Let us, therefore, get rid of our sandbag of impatience and learn to be more patient with our spouses and children, our friends and neighbors, because the Lord has counseled us to “continue in patience until ye are perfected”! (D&C 67:13.)
And for those of you who do not know what the word patience really means, I offer a simple definition: Patience is learning to hide your impatience.
And how many of us still go through life with a ballast bag called criticism? We should, instead, give more praise wherever and whenever possible because we have been told and retold, “Cease to find fault one with another.” (D&C 88:124.) And let us in this respect also remember that the faults and shortcomings we see in the members of our own ward or branch are of less consequence to us than one of the smallest in ourselves.
Furthermore, do we still have a sandbag with unfriendliness in our basket, even though the Savior asks us to be friendly and loving? As he said: “Ye are they whom my Father hath given me; ye are my friends.” (D&C 84:63.)
While on our spiritual flight, let us totally empty our ballast bag of pride and be more humble in all things, always remembering the Savior’s glorious promise to all: “And inasmuch as you have humbled yourselves before me, the blessings of the kingdom are yours.” (D&C 61:37.)
And will we really ascend in our spiritual balloon if we are not prepared to dispose of our sandbag of greed? Living prophets have counseled us to pay an honest tithing and to give a generous fast offering; and, moreover, the scriptures reveal in a very candid way: “Wo unto [them] that [do] not give [of their] substance to the poor.” (D&C 56:16.) And, unfortunately, some people think they are being generous because they give so much free advice!
Finally, we must get rid of the heavy ballast of frustrations. All of us must discover in the wicker basket of our personal spiritual balloon those frustrations against which we continually have to be on guard. It was revealed unto us, and we have already heard it twice from this pulpit in this conference: “The works, and the designs, and the purposes of God cannot be frustrated, neither can they come to naught … remember that it is not the work of God that is frustrated, but the work of men.” (D&C 3:1, 3.)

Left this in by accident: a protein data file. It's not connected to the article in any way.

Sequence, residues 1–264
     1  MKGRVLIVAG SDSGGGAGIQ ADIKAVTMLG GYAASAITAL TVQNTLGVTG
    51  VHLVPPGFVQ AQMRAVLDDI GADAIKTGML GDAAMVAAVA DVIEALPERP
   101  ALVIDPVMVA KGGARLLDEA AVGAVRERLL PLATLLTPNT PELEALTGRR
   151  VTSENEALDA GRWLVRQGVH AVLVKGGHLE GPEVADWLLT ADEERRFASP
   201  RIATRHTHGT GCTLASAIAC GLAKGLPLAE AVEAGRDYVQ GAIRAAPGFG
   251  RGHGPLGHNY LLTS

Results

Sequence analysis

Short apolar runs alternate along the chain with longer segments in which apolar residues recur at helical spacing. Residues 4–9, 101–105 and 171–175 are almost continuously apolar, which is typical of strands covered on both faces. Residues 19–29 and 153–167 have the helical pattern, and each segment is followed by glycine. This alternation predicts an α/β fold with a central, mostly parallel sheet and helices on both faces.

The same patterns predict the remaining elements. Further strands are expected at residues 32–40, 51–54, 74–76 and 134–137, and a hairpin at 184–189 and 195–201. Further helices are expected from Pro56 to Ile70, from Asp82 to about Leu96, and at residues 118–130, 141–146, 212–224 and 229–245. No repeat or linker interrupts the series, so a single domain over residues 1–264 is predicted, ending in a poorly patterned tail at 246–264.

The only way we can move upward from our present level of spirituality and performance to a higher level is by doing away with the ballast that holds us back. We have to learn to live the commandments, not only for our own good, but also for the good of other people because we reform others unconsciously when we keep the commandments of God and live the teachings of the Church. That’s another way of doing missionary work and lifting the spirituality of those around us.
Therefore, let’s start our flight today. If we are still at ground level, let’s cut the cords; and our rise will start immediately! However, even that will not ensure our continuous spiritual mobility. Our balloon will rise only so high and then will begin to stall. At that time we have to investigate what ballast we need to get rid of in order to rise even higher. If you find it hard to cut the cords, you will find it even harder to do away with the sandbags to lighten your load.
The balloon trip of our spiritual upward mobility is a demanding and sometimes difficult adventure, and only the person with true perseverance will make it to the highest realm!
In closing, after talking about flying, sailing, and rising, I would like to give some down-to-earth guidelines.
To those who are within the sound of my voice this day and who have already entered the wicker basket of their spiritual balloon through baptism into the kingdom of God but who are just sitting there, waiting inactively for things to happen, cut the cords that hold you back from lift-off.
To those who are quietly drifting at the same elevation with little upward mobility, take a close look at the ballast that prevents you from going to a higher level of performance. Make a decision and remove the restraining weight from your spiritual flight.
I give you a solemn promise that if you do this, you will enjoy a feeling of spiritual euphoria because you will elevate yourself.
I testify—as one who twenty-three years ago was baptized into the kingdom of God in Toronto, Canada—that my flight since my baptism has been a magnificent one, with breathtaking scenes and spiritual panoramas and with the never-failing knowledge that my day-to-day flight plan is made available to me by an understanding, loving, forgiving Heavenly Father.
The same is true for all of us! How do I know this? Because I know with all my heart that God lives and that Jesus is the Christ. He is the Savior of mankind, the great mediator for the salvation and exaltation of all of our Heavenly Father’s children, if they are willing to follow his outlined flight plan. Of which I testify this day, gratefully and happily, and in the name of Jesus Christ, amen.